Pilot says the attack commenced when the aircraft was on final, at aprox 4000ft.
They plunged to 100ft due to the Algerian pushing the controll collum forward.
Nose up pitch was gained with other means (perhaps trim/????) during recovery from the dive.
After the battle between the attacker and passengers, the collum was released, which resulted in violent nose up movement, with a climb to 1200ft, where the aircraft stalled, and nosed down again. The aircraft was subsequently recovered, and landed safely.

Both pilots lost their headsets, and was not able to establish contact with ATC during/after the incident.

1st Oct 2004, 20:38
So where are those who were so vociferous about having to lock the flight deck door or even having a strengthened door in the first place?

So this Do228 didn't have a door but I am sure there are a couple of pilots that wish that it had had one!

Anne :O

2nd Oct 2004, 11:16
Some very measured responses to an appalling incident.There really is no point venting frustration or anger anymore;not only should this maniac have been on a watchlist(Algerian and an asylum-seeker,what better reason for being on a watchlist?),he should have been escorted by an armed guard.
Perhaps you Euros can see why we want armed pilots/marshalls and why we divert/intercept a flight at the slightest whiff of suspicion.
I suppose that other maniac who had a gun on a Ryanair flight about two years ago is probably out of jail by now and enjoying benefits.

2nd Oct 2004, 23:12
Well put f40!

And today, It seems the tabloid rags have gotten hold of the timeline, and hint at having info from the radar recordings.
(Some genious in Avinor has released that info it seems)


From Dagbladet (http://www.dagbladet.no/nyheter/2004/10/02/410065.html)

4th Oct 2004, 05:26
Over the last year I have dead headed on several European carriers and noticed the cockpit door left open on many of them for the entire flight. The most recent was on Iberia Seville-Madrid-Rome and the cockpit doors were open for the entire flight. When I asked one of the crewmembers about their doors being open I got the impression they view cockpit incursions as an American problem. It's one thing to say you don't want armed marshals but quite another to leave the door open for the bad guys. Sometimes lessons have to be learned the hard way. This crew was lucky.

4th Oct 2004, 07:51
Security checks that should have been implemented on all regional airports in Norway on May 5th this year, were postponed until the end of the year.
After last week's tragic happenings, improvised security checks have now been implemented country wide.
Calf/door or better late than never?

link to story (http://www.vg.no/pub/vgart.hbs?artid=247976)

5th Oct 2004, 12:20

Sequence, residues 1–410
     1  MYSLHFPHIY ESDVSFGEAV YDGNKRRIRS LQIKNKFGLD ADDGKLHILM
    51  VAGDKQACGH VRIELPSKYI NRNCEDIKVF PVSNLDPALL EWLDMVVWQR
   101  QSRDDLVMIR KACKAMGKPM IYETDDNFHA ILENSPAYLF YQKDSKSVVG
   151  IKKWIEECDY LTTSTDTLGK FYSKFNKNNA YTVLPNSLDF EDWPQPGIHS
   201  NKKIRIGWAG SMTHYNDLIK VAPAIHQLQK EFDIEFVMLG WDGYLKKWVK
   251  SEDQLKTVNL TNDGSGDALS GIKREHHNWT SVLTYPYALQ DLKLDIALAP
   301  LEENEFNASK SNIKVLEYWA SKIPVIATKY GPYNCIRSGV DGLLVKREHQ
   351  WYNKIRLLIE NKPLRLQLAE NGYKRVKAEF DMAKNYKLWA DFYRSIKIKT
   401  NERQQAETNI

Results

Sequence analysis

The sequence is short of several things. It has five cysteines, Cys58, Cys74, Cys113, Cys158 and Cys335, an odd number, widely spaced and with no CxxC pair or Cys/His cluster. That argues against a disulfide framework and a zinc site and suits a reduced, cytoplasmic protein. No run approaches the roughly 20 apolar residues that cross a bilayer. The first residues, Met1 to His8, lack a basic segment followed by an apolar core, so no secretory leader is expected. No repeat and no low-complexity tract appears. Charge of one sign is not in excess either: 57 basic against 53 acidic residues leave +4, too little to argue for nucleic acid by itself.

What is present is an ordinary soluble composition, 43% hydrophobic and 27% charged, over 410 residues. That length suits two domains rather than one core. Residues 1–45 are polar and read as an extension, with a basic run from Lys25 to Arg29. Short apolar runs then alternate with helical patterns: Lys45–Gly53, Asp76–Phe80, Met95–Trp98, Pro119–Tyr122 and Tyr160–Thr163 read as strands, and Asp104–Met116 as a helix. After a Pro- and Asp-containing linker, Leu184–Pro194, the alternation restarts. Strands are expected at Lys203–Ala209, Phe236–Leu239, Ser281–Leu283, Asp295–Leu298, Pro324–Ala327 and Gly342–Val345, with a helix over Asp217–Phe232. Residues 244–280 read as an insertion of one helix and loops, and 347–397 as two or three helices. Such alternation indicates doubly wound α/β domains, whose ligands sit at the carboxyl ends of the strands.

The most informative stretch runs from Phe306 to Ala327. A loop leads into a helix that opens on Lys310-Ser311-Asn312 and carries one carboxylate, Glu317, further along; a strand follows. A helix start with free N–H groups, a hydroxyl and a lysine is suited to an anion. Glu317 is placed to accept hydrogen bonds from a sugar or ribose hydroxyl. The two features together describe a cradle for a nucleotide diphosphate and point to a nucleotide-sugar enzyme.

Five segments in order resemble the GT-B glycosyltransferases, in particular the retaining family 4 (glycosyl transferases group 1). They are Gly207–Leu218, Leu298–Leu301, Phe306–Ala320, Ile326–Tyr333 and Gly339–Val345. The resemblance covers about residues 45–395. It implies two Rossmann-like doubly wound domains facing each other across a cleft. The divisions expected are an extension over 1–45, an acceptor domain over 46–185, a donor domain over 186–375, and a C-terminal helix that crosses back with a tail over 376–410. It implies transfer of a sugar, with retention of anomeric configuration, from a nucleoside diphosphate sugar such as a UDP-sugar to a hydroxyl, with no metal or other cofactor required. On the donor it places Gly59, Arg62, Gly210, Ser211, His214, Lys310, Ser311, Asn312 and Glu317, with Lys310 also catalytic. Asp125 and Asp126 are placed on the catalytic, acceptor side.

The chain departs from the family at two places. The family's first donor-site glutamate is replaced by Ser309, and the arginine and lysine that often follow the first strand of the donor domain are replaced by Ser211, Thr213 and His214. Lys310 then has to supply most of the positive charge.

He could have achieved a much similar result with less effort by grabbing the steering wheel of a bus on a mountain road. At what point do the costs (both money and quality of life) out weigh the benefits of increased security? I'd suggest the absence of passenger screening at Narvik or Bodo would struggle to make it onto a risk register. At Hammerfest it would at least double the number of staff in the terminal!

13th Nov 2004, 22:14
Can anyone tell me was this PAX, being deported or escorted to another airport or was he a "regular Passenger" who just went mad

14th Nov 2004, 04:34
Hi Flame, how come you dug up this story from the backpages? The man who went berserk with the axe was an asylum seeker who had had the final negative decision from the Norwegian courts. He was on the verge of being deported, having already staid longer than he was allowed to.
This particular flight was not his deportation flight though.
It was an internal flight from one Norwegian airport to another.
Hope this helps?

6th Dec 2004, 17:48
The prosecutor in Salten Police District (Bodø) has decided to charge the attacker according to §148 of the Norwegian Penal Law.

§ 148. Den som volder ildebrann, sammenstyrtning, sprengning, oversvømmelse, sjøskade, jernbaneulykke eller luftfartsulykke hvorved tap av menneskeliv eller utstrakt ødelæggelse av fremmed eiendom lett kan forårsakes, eller som medvirker hertil, straffes med fengsel fra 2 år inntil 21 år, men ikke under 5 år såfremt noen på grunn av forbrytelsen omkommer eller får betydelig skade på legeme eller helbred.

Basically, the part concering this case:

Anyone that cause an air-accident with loss of life, or substanital damage to property, or that conspire to do so, will be sentenced to spend at least 2, not more then 21 years in prison. Sentence to be more then 5 years in the case of loss of life or substantial damage to physical or psychological health.

21 years in prison is the longest sentence possible in Norway, for any crime.

11th Mar 2005, 15:31
Do you remember the story on PPRuNe about a guy running amok with an axe, aboard a small plane in northern Norway last year, almost causing it to crash.......